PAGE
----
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NEWS | Nov. 22, 2019

Workforce stands to benefit from compact computing technology

By Ms. Jacqueline Boucher

A new pilot program at Tobyhanna Army Depot is making it possible for employees to access online information without using a desktop computer.

Information specialists are testing the capabilities of virtualization technology before transitioning the installation's computing environment to a virtual desktop infrastructure (VDI). VDI refers to the process of running a user desktop inside a virtual machine that lives on a server in the data center. Testing ends this year and a full roll-out to the general population is scheduled for the second quarter of 2020.

VDI requires the installation and deployment of a small black box called a Thin Client, a less expensive device that will replace desktop computers. Typically, users will experience little to no maintenance disruptions since there are fewer moving parts.

"Tobyhanna is taking an integral step with implementing VDI because it will transform the data infrastructure from an expense to a strategic asset," said Cathy Fulk, chief of the Installation Services Directorate's Information Management Division. "It will change the way end-user information technology services are delivered, which means fewer interruptions from patch updates and decreased workstation slowness."

Fulk explained that in most cases it takes two to three weeks to get computers patched with the latest security controls, but with VDI, routine upgrades and patches can be accomplished within 24 hours.

VDI allows for a much more secure computer user environment because the data doesn't reside at individual work stations, according to Information Technology Specialist John Nemeth. When an individual logs in a clone of the master image is created. When updates are made to the master image, all users have to do is log off and then back on to obtain the most up-to-date version. Users will still see their personal desktop and have access to all the shared drives.

"Personnel will be able to access their files from any workstation at any time," Nemeth said. "There will be a few new quirks, but at the end of the day, employees will be able to perform their daily duties in the same way as before."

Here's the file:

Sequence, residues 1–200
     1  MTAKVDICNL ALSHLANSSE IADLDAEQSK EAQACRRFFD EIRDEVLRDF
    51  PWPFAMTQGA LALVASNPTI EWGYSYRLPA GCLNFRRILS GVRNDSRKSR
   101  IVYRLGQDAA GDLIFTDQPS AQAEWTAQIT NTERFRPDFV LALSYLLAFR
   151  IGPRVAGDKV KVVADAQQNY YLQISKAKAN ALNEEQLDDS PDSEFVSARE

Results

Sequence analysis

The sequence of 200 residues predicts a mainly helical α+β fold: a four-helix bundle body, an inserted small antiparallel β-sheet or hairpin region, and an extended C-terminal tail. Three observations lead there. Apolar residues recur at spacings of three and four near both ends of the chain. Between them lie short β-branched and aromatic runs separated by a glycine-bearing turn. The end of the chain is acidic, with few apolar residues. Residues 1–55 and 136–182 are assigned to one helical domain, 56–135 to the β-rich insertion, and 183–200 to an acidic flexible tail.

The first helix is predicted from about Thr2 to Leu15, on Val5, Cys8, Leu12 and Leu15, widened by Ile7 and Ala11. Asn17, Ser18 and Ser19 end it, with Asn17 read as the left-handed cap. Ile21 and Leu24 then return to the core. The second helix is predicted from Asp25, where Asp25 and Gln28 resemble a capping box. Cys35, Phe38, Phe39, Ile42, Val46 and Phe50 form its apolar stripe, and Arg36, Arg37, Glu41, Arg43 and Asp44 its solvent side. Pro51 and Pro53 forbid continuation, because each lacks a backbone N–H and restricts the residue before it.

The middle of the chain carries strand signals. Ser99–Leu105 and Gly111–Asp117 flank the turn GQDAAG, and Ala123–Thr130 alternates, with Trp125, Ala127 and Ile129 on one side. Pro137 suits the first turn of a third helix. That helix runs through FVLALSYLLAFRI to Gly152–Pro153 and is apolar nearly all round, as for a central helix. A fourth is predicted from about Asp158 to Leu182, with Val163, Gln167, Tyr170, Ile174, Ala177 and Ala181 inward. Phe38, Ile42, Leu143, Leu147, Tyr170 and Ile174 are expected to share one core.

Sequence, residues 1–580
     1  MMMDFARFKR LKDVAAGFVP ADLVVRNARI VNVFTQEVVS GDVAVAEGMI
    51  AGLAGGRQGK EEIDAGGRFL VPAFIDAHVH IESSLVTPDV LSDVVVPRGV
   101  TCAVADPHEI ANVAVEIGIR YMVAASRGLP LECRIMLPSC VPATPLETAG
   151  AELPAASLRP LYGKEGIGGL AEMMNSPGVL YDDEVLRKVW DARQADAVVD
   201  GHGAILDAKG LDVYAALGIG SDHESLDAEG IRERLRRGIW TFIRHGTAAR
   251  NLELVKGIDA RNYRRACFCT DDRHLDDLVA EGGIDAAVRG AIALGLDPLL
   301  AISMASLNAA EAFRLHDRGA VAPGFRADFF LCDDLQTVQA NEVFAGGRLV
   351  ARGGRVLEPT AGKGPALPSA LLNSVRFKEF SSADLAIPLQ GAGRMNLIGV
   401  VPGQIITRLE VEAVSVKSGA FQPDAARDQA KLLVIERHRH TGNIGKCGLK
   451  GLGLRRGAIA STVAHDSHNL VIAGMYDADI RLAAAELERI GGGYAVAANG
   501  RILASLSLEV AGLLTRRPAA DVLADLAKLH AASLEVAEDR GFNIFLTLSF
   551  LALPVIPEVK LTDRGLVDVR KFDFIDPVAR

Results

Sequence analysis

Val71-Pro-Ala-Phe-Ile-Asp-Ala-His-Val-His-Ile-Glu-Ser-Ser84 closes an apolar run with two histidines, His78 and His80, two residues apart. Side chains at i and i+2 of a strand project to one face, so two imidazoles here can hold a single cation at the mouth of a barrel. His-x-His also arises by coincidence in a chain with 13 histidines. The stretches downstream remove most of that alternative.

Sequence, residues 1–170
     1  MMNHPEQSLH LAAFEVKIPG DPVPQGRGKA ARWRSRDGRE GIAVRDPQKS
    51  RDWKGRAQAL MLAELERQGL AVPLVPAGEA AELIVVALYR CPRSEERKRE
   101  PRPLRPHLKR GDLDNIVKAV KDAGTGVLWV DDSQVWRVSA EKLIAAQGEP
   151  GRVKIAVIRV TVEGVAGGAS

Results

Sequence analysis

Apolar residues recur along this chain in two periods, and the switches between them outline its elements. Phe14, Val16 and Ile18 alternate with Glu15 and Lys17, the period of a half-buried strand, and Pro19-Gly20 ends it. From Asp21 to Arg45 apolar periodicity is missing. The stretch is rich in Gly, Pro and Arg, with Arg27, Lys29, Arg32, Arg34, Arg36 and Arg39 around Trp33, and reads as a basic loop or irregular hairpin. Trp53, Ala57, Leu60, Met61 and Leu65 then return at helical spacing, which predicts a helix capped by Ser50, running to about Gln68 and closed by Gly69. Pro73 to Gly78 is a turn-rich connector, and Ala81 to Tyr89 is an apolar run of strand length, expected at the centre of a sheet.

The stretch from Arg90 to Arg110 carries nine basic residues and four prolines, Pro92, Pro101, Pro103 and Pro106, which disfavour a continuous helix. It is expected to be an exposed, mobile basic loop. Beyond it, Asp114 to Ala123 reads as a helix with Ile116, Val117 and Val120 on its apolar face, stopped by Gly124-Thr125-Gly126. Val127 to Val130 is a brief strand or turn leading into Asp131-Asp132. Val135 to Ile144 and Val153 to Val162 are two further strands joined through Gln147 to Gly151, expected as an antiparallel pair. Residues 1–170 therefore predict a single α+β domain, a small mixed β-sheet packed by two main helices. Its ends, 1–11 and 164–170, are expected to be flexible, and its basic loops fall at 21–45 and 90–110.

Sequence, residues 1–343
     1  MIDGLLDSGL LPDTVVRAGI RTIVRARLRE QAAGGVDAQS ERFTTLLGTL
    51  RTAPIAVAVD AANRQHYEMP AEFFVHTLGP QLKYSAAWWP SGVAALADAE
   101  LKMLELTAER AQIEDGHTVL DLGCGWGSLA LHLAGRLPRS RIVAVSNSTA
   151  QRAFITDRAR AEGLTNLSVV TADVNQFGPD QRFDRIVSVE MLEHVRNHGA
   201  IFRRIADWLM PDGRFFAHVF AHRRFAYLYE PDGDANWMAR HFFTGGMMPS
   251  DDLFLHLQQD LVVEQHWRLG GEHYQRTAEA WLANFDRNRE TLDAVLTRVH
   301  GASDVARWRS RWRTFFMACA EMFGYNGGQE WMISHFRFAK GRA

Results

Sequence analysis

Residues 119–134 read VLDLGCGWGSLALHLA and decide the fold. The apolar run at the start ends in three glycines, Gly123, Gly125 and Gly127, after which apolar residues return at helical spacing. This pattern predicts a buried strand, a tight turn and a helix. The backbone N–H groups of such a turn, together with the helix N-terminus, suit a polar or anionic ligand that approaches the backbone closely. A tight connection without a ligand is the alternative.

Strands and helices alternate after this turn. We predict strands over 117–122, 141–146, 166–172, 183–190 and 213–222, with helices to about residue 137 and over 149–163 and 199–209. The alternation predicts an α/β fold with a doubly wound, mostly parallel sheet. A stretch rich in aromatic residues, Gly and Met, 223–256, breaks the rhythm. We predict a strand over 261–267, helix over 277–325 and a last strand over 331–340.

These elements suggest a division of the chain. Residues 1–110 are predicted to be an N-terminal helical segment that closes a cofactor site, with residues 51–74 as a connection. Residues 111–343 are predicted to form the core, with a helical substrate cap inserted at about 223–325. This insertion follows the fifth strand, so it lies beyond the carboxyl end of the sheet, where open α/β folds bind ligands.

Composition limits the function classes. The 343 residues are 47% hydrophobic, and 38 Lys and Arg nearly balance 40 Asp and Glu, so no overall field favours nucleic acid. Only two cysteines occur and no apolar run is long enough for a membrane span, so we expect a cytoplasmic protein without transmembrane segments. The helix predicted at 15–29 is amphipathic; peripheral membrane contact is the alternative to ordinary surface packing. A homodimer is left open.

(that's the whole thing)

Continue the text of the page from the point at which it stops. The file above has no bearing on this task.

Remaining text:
Throughout the transition process, artisans came to realize there would be several benefits to implementing VDI.

At the top of the list is the creation of a safe and secure, centralized environment to store information. Cost savings was another positive aspect of committing to the VDI transition. The smaller devices have a longer life span, require minimal maintenance, and cost considerably less than the desktop computers in use today. Officials also believe using the Thin Client will contribute to reducing the depot's energy footprint.

"Since information will reside in the data center and not on the device, loss of data due to a Thin Client malfunction is mitigated," said Al Lyons, IT project manager. "If the device malfunctions, the user simply moves to another desk to pick up where they left off."

The first 2,000 devices will be installed at workstations where employees use basic software to meet mission requirements. Specialized software used by organizations and individuals will have to be tested to see if the Thin Client is compatible. Future phases will link the data center to personnel who telework, are on temporary duty assignment, or are assigned to a forward location.

"What we do is not changing, just how we do it," Lyons said. "This is how we're shaping the future for Team Tobyhanna."